Obesity is a major public health concern given its high prevalence and associated costs. Most effective weight loss treatments include in-person sessions. mHealth tools (e.g., smartphone app, text messaging) are inexpensive and have the potential to help people achieve and maintain weight loss. In addition, they may be particularly useful as part of a stepped-care sequence of obesity treatments; however, there is considerable heterogeneity in response to mHealth treatments. Although many individuals can achieve clinically meaningful improvements in response to minimal behavioral treatments, many others seem to need more than technology support. There is insufficient evidence to determine whether the first line of treatment should start with an mHealth component alone or include coaching. Moreover, it is unclear whether the augmentation tactic for treating non-responders to the first line treatment should be to offer another mHealth component (i.e,. text messages), or a more traditional treatment component (i.e., coaching or meal replacement). Thus, we propose to utilize a novel experimental approach, the SMART (Sequential Multiple Assignment Randomized Trial) to determine 1) the optimal first line treatment for an obese population; and 2) whether the optimal response to weight loss treatment failure is to modestly or vigorously augment the first line treatment. A total of 400 obese adults will be randomized to one of two potential first line treatments, either (1) an app alone (APP), or (2) the app plus coaching (APP +C). Those who do not respond to the first line treatment (i.e., evidenced by failure to lose weight) will be re-randomized to one of two subsequent augmentation tactics, either: (1) Modestly Step-Up: add another mHealth component (e.g., text messages), or (2) Vigorously Step-Up: add both a mHealth component (e.g., text messages) and a more traditional component (e.g., coaching, meal replacement). Responders will continue with the same first line treatment for 12 weeks. Assessments will be completed at 3, 6, and 12 months. The proposed project is significant because it aims to develop an effective and scalable obesity treatment that will move from the one-size-fits-all approach to a time-sensitive, dynamic approach for weight management.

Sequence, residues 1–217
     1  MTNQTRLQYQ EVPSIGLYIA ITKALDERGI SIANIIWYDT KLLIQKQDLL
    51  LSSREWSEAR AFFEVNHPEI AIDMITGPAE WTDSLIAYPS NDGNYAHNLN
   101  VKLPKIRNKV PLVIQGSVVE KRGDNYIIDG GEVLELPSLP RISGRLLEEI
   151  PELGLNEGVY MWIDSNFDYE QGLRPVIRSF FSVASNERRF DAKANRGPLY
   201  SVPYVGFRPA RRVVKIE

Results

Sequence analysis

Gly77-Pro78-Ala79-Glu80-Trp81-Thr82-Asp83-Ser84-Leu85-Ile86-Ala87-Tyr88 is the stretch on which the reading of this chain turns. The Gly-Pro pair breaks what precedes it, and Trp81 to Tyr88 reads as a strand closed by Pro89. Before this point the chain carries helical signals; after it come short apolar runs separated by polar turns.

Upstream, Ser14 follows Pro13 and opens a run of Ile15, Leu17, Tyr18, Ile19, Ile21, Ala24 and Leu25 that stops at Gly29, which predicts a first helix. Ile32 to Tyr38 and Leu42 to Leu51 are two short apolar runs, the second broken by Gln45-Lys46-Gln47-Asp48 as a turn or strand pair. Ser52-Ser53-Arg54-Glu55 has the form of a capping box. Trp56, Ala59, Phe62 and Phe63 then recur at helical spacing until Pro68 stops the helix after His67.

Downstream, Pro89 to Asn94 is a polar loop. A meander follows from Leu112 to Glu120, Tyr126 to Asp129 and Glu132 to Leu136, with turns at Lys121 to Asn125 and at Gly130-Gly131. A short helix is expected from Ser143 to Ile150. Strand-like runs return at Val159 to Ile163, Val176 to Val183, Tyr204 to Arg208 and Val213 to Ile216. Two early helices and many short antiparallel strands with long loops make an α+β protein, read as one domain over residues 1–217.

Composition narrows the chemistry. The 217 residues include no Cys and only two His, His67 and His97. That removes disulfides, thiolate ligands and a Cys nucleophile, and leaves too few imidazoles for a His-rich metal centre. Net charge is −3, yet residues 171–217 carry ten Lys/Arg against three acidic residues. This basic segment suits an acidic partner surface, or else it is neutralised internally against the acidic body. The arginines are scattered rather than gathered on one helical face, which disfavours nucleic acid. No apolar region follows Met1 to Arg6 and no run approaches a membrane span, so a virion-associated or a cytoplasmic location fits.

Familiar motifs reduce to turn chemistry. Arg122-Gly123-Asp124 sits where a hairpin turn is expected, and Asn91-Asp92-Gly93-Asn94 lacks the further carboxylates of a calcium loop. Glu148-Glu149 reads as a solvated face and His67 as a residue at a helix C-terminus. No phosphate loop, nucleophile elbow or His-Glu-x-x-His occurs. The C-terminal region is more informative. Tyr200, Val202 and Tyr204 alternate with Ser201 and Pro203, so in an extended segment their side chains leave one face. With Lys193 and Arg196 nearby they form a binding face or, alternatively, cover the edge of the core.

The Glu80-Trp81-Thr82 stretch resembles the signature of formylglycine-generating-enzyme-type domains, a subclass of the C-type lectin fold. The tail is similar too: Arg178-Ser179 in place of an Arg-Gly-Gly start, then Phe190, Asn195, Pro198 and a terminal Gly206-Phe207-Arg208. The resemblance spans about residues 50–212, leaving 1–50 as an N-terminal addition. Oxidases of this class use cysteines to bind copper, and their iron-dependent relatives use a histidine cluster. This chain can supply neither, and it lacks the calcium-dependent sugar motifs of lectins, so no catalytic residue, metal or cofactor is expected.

|Effective start/end date||3/1/16 → 2/28/22|
- National Institute of Diabetes and Digestive and Kidney Diseases (5R01DK108678-04)
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